On June 15, Ramzan Kadyrov declared that he opposes further amnesties of militants in Chechnya. The Chechen president said that he would not support the idea of a new amnesty even if the Russian parliament initiated it. “If anybody in the mountains believes he can fight for a while, shoot for while and then return to ask for an amnesty, he is seriously mistaken,” Kadyrov said. This marked the first time that Chechnya’s pro-Russian president openly admitted to the fact that people in the republic are continuing to join the insurgency. As Lema Gudaev, the chief of the Chechen president’s information department, commented to the Strana.ru website, Kadyrov’s words were a warning to those young Chechens “who are being persuaded to take up arms.”
Kadyrov has repeatedly denied that the insurgency in the region is continuing to receive new recruits. Last fall, when Yevgeny Baryaev, then the commander of the Russian forces in Chechnya, announced that young Chechens were continuing to join the rebel ranks, Ramzan Kadyrov insisted that the general was wrong and the situation was perfect. However, with the outflow of local youth into the mountains intensifying this spring, the Chechen president has been forced to react in some way, especially since Chechen mufti Sultan Mirzaev, some low-ranking officials, and even the Russian prosecutor’s office have admitted that such an outflow is taking place (Chechnya Weekly, June 14).
The recent declaration of the rebel leaders also forced Kadyrov to publicly warn and threaten the young rebels. On June 4, the rebel Kavkaz-Center website reported that in May, the rebel commanders’ Majlis-Ul-Shura held a meeting in the republic to discuss future war plans. A special statement was released on the results of the meeting. The statement, signed by the three top leaders – Dokka Umarov, the president of Ichkeria and the Chairman of the Majlis-Ul-Shura, Mansur Yavmirzi, the head of the Sharia Court, and Seif Islam, the head of the rebel General Staff – declared that “…in accordance with this decision, all those who work for the Russian occupation forces, from the leaders of the upper echelons of the puppet forces to ordinary traitors (members of illegal puppet formations and ‘police’), fall under Sharia Law. All forms of punishment, including execution, allowed by Sharia Law, will be applied to them, apart from those who have laid down their arms, repented and abandoned their cooperation and distanced themselves from the occupational authorities and murtads (apostates).”
Following the statement, some of the most active Chechen police officers were murdered. Moreover, the rebels made raids into the regional capital, Grozny, where they set up checkpoints and searched vehicles for policemen and FSB officers. Such rebel activity provoked not only the younger men, but also some of the members of the Chechen police structures, to go into the mountains and join the rebels (Chechnya Weekly, June 14).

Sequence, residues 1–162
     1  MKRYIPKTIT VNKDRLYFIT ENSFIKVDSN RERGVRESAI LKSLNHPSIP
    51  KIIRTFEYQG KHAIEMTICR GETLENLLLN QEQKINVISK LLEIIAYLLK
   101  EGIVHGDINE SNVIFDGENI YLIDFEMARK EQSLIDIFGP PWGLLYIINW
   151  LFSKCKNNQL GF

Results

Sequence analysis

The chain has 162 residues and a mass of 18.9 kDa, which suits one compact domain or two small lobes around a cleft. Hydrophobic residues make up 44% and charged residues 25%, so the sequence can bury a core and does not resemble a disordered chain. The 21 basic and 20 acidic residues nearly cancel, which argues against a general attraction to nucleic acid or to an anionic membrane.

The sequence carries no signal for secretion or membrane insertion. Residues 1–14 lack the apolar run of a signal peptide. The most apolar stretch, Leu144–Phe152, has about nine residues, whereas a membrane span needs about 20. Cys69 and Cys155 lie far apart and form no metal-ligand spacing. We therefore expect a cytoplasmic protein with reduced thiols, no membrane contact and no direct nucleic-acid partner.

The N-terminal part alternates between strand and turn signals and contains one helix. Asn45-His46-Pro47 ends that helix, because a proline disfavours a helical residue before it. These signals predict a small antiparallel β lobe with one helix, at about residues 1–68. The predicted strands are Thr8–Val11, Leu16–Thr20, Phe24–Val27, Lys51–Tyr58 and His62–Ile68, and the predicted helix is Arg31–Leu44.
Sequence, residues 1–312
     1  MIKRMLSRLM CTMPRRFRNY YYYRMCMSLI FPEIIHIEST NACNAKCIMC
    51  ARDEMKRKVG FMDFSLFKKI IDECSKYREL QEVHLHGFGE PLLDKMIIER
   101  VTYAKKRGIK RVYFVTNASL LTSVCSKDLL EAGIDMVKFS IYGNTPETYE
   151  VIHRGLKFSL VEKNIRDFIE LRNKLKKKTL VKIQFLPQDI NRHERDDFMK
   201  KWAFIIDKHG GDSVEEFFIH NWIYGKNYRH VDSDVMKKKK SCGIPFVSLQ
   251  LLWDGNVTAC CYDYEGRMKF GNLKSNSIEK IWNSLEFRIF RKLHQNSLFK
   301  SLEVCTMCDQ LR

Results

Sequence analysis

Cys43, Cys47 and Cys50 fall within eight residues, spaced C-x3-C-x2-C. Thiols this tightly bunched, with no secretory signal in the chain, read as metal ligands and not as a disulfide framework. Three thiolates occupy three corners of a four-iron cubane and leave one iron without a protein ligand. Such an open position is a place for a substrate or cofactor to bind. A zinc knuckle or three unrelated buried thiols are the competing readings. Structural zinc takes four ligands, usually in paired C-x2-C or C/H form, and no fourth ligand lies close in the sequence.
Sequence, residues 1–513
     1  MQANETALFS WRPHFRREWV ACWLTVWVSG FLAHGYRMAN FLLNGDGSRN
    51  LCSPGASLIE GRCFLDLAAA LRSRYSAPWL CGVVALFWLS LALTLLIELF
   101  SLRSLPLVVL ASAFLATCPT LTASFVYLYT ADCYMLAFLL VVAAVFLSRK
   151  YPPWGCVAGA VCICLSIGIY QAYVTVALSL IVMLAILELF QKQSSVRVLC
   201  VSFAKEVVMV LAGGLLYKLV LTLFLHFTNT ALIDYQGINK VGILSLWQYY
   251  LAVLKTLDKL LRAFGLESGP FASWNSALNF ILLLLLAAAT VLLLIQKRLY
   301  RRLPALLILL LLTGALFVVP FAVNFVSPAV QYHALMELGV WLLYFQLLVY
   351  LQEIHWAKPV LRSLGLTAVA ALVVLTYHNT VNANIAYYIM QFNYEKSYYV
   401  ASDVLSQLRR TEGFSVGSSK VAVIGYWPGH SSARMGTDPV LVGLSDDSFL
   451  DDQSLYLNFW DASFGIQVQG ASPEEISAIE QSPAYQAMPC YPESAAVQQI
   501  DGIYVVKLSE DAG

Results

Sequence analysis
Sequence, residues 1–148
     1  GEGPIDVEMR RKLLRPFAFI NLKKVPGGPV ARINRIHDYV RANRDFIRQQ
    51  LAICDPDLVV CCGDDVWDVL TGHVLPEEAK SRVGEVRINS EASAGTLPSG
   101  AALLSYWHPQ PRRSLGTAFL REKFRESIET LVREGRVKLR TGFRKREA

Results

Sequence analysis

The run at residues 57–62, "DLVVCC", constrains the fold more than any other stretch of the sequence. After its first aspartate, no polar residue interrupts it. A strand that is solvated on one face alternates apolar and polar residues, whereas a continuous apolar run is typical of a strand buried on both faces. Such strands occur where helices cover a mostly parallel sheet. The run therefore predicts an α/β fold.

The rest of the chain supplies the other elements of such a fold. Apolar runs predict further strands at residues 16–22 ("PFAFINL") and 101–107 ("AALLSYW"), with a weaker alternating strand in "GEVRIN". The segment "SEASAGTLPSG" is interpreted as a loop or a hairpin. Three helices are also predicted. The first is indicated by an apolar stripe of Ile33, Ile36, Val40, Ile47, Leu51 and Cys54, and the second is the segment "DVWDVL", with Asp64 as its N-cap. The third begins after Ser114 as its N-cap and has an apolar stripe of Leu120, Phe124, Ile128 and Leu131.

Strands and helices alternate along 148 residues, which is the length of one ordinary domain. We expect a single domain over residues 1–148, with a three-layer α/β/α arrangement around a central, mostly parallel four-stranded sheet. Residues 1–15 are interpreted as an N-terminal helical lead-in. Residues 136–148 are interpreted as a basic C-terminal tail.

Surely, in such a situation, Ramzan Kadyrov needs to demonstrate that he, and not Dokka Umarov or anyone else, is the real force in the region. In his recent statement, Kadyrov not only warned ordinary Chechens against joining or assisting the resistance, but also described Umarov as an insignificant figure, as a bandit who is doomed to be eliminated in the near future.
“Current extremists will not be pardoned,” Kadyrov said. “Dokka Umarov is hiding because he has committed crimes. He has kidnapped people, his hands are covered in blood, and we are not going to treat him with kid gloves.”
However, Kadyrov – or perhaps someone above him, sitting in the Kremlin – subsequently reconsidered the wisdom of making such threats against the rebels and Dokka Umarov, perhaps realizing that Kadyrov had been too frank in admitting that youth are heading into the mountains to join the rebels. On June 19, four days after his statement regarding the end of the amnesties, Ramzan Kadyrov said during the opening ceremony of a new sports club and mosque that it was untrue that Chechen policemen and youth are switching to the side of the rebels. “The rumors about policemen and young men going to the mountains are deliberately being spread in Chechnya to create an atmosphere of insecurity,” Kadyrov said.
Nevertheless, Kadyrov “forgot” to mention that among those who are spreading such “rumors” include a Russian general, Chechnya’s mufti and the Russian prosecutor’s office.